HIV seroprevalence among newly incarcerated inmates in the Texas Correctional System

Z. Helen Wu, Jacques Baillargeon, James J. Grady, Sandra A. Black, Kim Dunn

Research output: Contribution to journalArticlepeer-review

28 Scopus citations


PURPOSE: The seroprevalence of HIV infection was examined among a sample of incoming inmates in the Texas Department of Criminal Justice prison system. Rates were compared across sociodemographic factors and three types of prison facilities: substance abuse felony punishment units (SAFPs), state jails, and prisons. METHODS: The study sample consisted of 4386 incoming inmates incarcerated for any duration, dating from November 1, 1998, to May 31, 1999.RESULTS: Among males, inmates entering state jails had a higher HIV infection rate (3.7%) than either inmates entering prisons (1.9%) or those entering SAFPs (0.5%). Among females, inmates entering prisons had a higher rate of infection (9.3%) than those entering state jails (2.5%) or SAFPs (4.5%). CONCLUSIONS: Although a number of blinded HIV seroprevalence studies have been conducted in U.S. prison systems, scarce information is currently available on HIV infection rates in alternative correctional facilities. The present study shows that HIV seropositivity varied substantially according to race, gender, and prison facility type. Given the shorter incarceration periods for inmates held in alternative facilities, understanding how infection rates vary according to type of incarceration facility holds particular public health relevance.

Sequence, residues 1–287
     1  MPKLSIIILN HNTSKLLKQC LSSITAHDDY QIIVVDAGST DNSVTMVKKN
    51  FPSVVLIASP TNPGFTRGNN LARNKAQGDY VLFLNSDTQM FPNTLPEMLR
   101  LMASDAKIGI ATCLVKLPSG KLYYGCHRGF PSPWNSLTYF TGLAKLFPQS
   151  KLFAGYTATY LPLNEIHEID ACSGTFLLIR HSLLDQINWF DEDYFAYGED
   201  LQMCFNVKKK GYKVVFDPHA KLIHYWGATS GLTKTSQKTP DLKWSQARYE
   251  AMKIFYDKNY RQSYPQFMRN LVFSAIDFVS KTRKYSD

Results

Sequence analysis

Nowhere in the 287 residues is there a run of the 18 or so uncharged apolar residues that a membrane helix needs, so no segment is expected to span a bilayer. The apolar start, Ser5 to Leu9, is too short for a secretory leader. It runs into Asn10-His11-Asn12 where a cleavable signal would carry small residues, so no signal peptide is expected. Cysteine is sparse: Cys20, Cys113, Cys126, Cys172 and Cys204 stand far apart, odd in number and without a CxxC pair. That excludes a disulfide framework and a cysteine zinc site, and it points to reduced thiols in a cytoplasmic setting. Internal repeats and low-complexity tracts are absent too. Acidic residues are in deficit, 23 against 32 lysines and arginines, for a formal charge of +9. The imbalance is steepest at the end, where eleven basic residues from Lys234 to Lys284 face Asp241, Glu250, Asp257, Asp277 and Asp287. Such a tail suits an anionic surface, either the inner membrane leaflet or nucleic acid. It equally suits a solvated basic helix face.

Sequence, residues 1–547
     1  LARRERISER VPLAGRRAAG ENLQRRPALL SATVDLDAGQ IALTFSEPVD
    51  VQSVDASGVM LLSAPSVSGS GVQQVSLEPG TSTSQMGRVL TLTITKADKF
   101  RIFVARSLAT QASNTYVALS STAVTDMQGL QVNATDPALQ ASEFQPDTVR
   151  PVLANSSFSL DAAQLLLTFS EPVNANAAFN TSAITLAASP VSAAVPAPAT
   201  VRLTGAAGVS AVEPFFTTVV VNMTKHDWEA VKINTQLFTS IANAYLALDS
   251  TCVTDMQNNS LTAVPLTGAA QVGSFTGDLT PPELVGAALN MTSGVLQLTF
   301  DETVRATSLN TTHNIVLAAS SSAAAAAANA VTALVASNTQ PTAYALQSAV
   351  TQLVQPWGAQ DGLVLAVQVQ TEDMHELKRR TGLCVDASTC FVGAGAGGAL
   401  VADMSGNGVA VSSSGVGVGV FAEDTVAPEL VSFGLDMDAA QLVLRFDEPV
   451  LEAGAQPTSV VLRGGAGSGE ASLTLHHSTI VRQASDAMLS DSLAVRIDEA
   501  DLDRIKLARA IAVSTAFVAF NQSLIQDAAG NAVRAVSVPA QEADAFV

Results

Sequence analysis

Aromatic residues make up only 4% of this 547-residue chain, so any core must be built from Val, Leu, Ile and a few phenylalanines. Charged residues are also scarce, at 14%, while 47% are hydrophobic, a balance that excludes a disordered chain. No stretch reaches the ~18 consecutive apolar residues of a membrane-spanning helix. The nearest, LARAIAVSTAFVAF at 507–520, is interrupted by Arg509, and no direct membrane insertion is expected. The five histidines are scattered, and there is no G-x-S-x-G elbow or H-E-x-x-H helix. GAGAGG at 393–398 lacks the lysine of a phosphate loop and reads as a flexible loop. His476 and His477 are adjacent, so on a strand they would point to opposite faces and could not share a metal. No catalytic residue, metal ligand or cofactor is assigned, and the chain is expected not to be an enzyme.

Original languageEnglish (US)
Pages (from-to)342-346
Number of pages5
JournalAnnals of Epidemiology
Issue number5
StatePublished - 2001
Externally publishedYes


  • Alternative correctional facility
  • HIV epidemiology
  • Inmates
  • Prison

ASJC Scopus subject areas

  • Epidemiology


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